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Global Network

Week of April 30, 2012
Contact: Alice Bender, (202) 328-7744

AICR HealthTalk
Karen Collins, MS, RD, CDN
American Institute for Cancer Research

Q: I've decided to stop being such a couch potato and start a walking program. Do I need to see my doctor first?

A: Congratulations on a wise decision! Spending 30 to 60 minutes a day walking can have a major effect in reducing risk of health problems, with cancer, diabetes and heart disease only the most obvious. The vital message here: don't let advice to check with your doctor before becoming more active steer you away from that goal. According to the Centers for Disease Control and Prevention (CDC), "Doing activity that requires moderate effort is safe for most people. But if you have a chronic health condition such as heart disease, arthritis, diabetes, or other symptoms be sure to talk with your doctor about the types and amounts of physical activity that are right for you." If you are 70 or older, a call or visit with your doctor first is always a good bet. Check this list widely used by fitness professionals called the PAR-Q (Physical Activity Readiness Questionnaire).

Q: Foods that fight inflammation are supposed to be so healthy. But what exactly is inflammation?

A: The redness you see when you hit your thumb with a hammer or get a splinter is a sign of inflammation, the body's normal response to injury or infection. Increased blood flow to the area brings white blood cells and proteins to attack or damage intruding bacteria. The inflammation that signals a health issue is chronic, low-grade inflammation, which seems to damage body tissues in ways that promote development of chronic disease. For example, inflammatory cells have been found in the fatty plaque that builds up in blood vessels and leads to heart disease. And inflammation seems to cause cell changes that result in our body's inability to respond to insulin appropriately, increasing risk of type 2 diabetes. Inflammation may also promote cancer development by damaging our genes, increasing cell turnover and increasing development of blood vessels that allow cancer cells to grow and spread. The good news is that many of the same basic lifestyle choices that we already know promote overall health seem to decrease development of chronic inflammation. Excess body fat releases proteins that travel throughout the body promoting inflammation, so reaching and maintaining a healthy weight shows major effects on reducing inflammation. Avoid tobacco; be physically active in some way every day; and eat plenty of vegetables, fruits, whole grains and beans. Including fish (especially fatty fish like salmon) and walnuts for omega-3 fat is helpful. In the past, there was some thought that polyunsaturated rich vegetable oils (corn, safflower, soybean, and sunflower) worked against the inflammation-fighting effects of omega-3 fats, but that has been disproven; monounsaturated rich vegetable oils such as olive oil and canola oil are both excellent choices.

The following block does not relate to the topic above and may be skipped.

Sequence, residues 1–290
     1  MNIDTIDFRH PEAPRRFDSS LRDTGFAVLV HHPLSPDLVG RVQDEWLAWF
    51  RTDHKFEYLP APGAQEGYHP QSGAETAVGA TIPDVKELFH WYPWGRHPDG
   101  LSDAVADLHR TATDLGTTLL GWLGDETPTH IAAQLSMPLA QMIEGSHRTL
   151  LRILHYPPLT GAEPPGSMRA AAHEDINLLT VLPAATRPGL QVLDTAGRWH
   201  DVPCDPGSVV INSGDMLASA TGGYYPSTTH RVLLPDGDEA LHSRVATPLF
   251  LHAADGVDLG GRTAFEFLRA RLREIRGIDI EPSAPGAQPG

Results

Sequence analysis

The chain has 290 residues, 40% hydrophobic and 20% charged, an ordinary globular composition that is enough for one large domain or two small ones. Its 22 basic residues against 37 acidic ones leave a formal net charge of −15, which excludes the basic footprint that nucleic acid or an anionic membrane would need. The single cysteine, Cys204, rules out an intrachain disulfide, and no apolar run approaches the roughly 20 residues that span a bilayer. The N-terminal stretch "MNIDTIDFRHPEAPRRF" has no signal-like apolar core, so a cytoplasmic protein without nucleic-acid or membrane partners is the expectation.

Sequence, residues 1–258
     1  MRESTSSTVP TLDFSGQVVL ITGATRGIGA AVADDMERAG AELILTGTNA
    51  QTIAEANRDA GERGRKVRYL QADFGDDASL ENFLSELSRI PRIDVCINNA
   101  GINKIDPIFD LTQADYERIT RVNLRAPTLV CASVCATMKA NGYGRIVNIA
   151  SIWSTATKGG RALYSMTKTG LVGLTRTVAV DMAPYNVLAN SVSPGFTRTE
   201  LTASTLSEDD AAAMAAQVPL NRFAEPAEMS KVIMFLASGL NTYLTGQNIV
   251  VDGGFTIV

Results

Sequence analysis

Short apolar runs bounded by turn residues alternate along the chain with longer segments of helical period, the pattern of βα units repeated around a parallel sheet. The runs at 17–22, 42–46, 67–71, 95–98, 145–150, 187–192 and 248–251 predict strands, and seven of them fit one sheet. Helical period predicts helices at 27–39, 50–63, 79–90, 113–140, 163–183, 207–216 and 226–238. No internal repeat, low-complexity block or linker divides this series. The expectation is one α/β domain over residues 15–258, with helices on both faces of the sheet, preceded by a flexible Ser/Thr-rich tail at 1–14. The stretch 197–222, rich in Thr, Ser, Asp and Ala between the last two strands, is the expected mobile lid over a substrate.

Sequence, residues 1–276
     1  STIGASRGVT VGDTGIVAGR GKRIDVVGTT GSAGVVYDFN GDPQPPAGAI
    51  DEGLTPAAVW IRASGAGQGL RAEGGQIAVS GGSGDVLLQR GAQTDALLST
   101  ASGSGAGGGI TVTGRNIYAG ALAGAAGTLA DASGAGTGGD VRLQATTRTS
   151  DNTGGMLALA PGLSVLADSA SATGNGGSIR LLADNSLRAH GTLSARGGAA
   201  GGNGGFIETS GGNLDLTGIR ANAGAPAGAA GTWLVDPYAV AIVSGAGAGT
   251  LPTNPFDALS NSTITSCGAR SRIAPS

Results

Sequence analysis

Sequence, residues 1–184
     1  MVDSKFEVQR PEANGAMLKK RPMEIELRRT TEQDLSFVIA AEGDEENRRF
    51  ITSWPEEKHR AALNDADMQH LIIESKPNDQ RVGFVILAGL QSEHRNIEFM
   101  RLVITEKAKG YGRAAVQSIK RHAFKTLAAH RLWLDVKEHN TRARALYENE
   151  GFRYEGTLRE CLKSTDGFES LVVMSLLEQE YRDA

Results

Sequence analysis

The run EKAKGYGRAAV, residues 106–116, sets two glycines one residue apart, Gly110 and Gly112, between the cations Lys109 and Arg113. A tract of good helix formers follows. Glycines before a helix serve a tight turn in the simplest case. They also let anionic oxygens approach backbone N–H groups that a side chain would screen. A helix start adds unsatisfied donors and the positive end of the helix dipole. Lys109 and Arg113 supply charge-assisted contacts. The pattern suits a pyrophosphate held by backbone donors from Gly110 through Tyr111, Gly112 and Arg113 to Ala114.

The American Institute for Cancer Research (AICR) is the cancer charity that fosters research on the relationship of nutrition, physical activity and weight management to cancer risk, interprets the scientific literature and educates the public about the results. It has contributed more than $100 million for innovative research conducted at universities, hospitals and research centers across the country. AICR has published two landmark reports that interpret the accumulated research in the field, and is committed to a process of continuous review. AICR also provides a wide range of educational programs to help millions of Americans learn to make dietary changes for lower cancer risk. Its award-winning New American Plate program is presented in brochures, seminars and on its website, AICR is a member of the World Cancer Research Fund International.


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